The Wall Street Journal reports that some bunny wars are being waged at one Los Angeles college. Administrators are threatening the colonies of more than 300 rabbits thriving at Long Beach City College with measures as serious as neutering.
They’re not sure exactly where all the rabbits came from, but they’re speculating that the colony may be fueled by locals who abandon pet rabbits there, especially in the days and weeks following Easter. Campus police are now enforcing a $500 fine on locals for bunny-dumping.
On a recent day outside the library, students were gathered in small cliques around the grassy quad. So were dozens of bunnies. Most of the rabbits sat under the shade of a giant juniper tree. Others dug frantically and chased each other in circles.
“Now why—why are they doing that?” asks Mr. Wootton, the facilities manager, as he watched two black rabbits scratching at the roots of a plant. He recalls one evening when he was called to campus to handle a blackout and found himself alone, surrounded by hundreds of rabbits. “It was eerie,” he says.
Evidently, sympathy for the enemy won’t solve anyone’s problems:
“Rabbits are extremely territorial. They beat each other up and kill each other,” says Jacque Olson, a college employee who is part of the effort to control the bunny population. “When a rabbit is abandoned it’s absolutely terrified. They hop right up in your lap and want you to save them and take them home.”
Over the years, Ms. Olson did take many home. At one time, she had 50 campus bunnies in her back yard. She recently had to give them away when she moved to a small apartment that doesn’t allow pets.
Ms. Olson, and a coworker, Physical Education Associate Prof. Donna Prindle, felt the time had come to confront the bunny problem once and for all. Ms. Prindle approached school officials, who agreed to a sterilization plan.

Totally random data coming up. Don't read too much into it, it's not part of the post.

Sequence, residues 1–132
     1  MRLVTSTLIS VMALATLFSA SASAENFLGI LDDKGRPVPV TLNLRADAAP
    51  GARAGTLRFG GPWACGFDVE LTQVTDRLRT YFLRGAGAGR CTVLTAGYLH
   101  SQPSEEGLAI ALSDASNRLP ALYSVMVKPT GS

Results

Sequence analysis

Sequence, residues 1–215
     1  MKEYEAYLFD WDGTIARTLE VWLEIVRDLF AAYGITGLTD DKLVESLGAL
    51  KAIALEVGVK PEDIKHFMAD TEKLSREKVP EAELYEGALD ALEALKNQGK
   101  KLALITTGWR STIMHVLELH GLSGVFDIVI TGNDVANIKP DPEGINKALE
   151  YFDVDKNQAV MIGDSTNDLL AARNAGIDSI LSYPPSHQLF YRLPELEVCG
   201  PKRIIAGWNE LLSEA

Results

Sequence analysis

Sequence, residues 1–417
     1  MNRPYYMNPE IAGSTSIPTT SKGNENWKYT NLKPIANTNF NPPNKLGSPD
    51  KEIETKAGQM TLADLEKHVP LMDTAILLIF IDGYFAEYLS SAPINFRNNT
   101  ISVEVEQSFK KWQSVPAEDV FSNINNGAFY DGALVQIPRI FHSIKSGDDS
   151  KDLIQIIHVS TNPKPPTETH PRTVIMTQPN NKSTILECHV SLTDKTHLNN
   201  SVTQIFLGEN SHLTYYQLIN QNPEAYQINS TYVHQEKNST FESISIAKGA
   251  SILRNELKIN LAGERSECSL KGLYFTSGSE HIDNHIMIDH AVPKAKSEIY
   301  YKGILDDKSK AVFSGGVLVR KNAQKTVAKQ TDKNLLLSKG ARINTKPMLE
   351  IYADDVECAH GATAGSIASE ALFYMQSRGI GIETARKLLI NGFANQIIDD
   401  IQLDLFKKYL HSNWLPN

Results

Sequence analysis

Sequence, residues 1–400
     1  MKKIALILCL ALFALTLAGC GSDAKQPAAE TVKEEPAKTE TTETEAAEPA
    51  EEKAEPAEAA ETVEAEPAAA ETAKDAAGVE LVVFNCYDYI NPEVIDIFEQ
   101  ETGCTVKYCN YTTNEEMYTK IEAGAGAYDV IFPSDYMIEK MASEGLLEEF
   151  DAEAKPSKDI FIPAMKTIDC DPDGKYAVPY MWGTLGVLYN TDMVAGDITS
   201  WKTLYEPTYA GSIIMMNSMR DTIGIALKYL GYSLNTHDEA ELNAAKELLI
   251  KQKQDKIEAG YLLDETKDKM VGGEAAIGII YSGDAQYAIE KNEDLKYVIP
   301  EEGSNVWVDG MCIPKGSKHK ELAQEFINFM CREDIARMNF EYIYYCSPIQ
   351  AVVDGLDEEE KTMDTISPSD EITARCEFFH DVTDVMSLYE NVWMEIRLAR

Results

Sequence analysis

And where previous offensives have failed, Ms. Olson now hopes to achieve a victory over the cute critters:
A few years ago, Ms. Olson rounded up 100 rabbits on the south side of campus, and found other homes for them. Only two rabbits on that part of campus evaded her. “Unfortunately, one was male and one was female,” she said. Within six months, the population on that side of campus had climbed back to 100 rabbits, she said.
But Ms. Olson and Ms. Prindle have reinforcements. Last month, volunteers helped them catch 100 rabbits to be neutered. The surgeries were done in two days by a team of veterinarians from nearby Western University of Health Sciences. Future round-ups are planned.
Ms. Olson and Ms. Prindle tend to the recovering rabbits in what used to be the school’s carpentry department. One corner of the rabbit recovery room serves as a makeshift maternity ward—some of the caught rabbits were already pregnant. The babies may be given up for adoption or sent to a sanctuary.